How to Build Hamstrings Equipped for Extreme Speed

Here are four of the most important considerations when developing a plan for high-speed hamstrings.

The hamstrings are essential to running fast.

In my first article on high-speed hamstrings, we established the functions and key unique characters of the hamstring group during sport movement. Now we can talk about building a game plan to attack the various needs of this group. Below what I believe to be four of the most important considerations when developing a plan for high-speed hamstrings, along with some of my favorite hamstring-developing drills and exercises.

During ground preparation and at ground contact, the hamstrings are at long muscle lengths undergoing eccentric and isometric contractions. Training should have an emphasis on eccentric and isometric work at length, thus creating strength at length. This is where movements like the Hip Extension are great. A single-leg variation, which is a progression of the standard two-leg variation, is shown above.

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The hamstrings are essential to running fast.

In my first article on high-speed hamstrings, we established the functions and key unique characters of the hamstring group during sport movement. Now we can talk about building a game plan to attack the various needs of this group. Below what I believe to be four of the most important considerations when developing a plan for high-speed hamstrings, along with some of my favorite hamstring-developing drills and exercises.

1. Strength at Length

During ground preparation and at ground contact, the hamstrings are at long muscle lengths undergoing eccentric and isometric contractions. Training should have an emphasis on eccentric and isometric work at length, thus creating strength at length. This is where movements like the Hip Extension are great. A single-leg variation, which is a progression of the standard two-leg variation, is shown above.

2. Contract-Relax

The hamstring complex has a long duration of activity, and if neuromuscular coordination and proper contract-relax do not occur, this long time-under-tension can increase early neuromuscular fatigue. That creates an environment with a higher risk for potential injury. Training should include some strategies that require the athlete to rapidly contract AND relax. These are not often found in traditional training programs. Movements like Supine Straight Leg Band Flutters train the ability to rapidly contract and relax the hamstrings.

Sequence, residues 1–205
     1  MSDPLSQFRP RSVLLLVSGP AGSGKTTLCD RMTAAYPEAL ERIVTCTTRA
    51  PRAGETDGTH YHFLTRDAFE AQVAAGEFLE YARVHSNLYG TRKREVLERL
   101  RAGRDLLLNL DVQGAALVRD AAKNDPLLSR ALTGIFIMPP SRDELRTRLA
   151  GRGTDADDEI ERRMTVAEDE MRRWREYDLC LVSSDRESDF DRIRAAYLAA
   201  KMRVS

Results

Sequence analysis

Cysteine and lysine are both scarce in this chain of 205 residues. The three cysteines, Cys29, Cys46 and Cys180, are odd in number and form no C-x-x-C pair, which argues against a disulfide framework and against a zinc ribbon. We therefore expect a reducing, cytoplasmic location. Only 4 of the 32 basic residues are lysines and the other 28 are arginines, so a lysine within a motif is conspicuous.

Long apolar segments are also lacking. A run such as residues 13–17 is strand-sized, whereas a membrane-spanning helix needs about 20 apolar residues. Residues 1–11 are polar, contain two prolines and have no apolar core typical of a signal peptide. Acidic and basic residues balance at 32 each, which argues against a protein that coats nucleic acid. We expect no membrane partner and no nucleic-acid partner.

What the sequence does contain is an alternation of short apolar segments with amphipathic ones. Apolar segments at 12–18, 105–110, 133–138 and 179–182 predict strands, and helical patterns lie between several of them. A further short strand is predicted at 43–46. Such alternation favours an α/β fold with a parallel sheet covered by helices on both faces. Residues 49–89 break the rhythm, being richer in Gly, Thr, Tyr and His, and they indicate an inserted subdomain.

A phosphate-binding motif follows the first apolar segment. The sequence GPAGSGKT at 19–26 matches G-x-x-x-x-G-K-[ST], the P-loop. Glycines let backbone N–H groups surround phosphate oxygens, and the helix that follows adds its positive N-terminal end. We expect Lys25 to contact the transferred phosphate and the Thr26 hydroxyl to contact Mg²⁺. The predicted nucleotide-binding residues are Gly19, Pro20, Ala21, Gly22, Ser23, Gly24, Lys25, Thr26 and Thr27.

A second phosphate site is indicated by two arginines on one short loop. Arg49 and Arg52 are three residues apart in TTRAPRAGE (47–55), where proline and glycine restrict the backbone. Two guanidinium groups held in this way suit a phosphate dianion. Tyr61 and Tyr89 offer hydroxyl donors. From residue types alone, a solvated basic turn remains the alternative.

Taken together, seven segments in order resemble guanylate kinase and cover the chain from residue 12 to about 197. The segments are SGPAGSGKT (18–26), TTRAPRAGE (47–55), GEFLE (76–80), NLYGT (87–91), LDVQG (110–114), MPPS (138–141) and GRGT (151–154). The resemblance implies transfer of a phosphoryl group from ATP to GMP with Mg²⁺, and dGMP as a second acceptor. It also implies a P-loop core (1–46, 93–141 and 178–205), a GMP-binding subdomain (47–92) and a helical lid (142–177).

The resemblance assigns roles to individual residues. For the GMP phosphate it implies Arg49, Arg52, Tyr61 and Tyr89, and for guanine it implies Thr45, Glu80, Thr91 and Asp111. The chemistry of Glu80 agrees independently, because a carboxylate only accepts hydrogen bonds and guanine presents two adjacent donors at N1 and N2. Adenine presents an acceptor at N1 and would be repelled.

3. Move Weight Fast

The majority of hamstring injuries occur just prior to or at ground contact, when the hamstring is undergoing rapid distal eccentric and isometric contraction. The key word here is "rapid." Yet we still see many hamstring-centric movements conducted in a slow manner. Why?

4. Integrate Open-Chain Movements

Although closed chain exercises are a valuable tool, rarely do we see open-chain movements that address the role of the hamstrings before ground contact.

5. Sprint More!

Nothing comes close to sprinting in terms of the demands on the hamstrings. Plus these demands are specific to how the hamstrings function on the field/court. So programming intelligent max velocity sprint work is essential for all athletes. Prime Times are another great speed option to emphasize the hamstring group.

The best advice for healthy and high-performing hamstrings is proper progression, volume, rest periods, fatigue management and adequate stimulus. Sprinting is the best hamstring exercise, but there are things that can be done in the weight room when max velocity sprinting isn't an option. The underlying biomechanics and physiology for developing high-speed hamstrings and preparing this muscle group for the demands on sprinting are laid out. The job now is to find your own methods to produce the desired training effect. The movements laid out above are far from your only options, but hopefully they help stimulate your creative juices and give your athletes high-speed hamstrings.

Photo Credit: stefanschurr/iStock

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Topics: LOWER BODY | SPEED TRAINING | HAMSTRING | HAMSTRING EXERCISES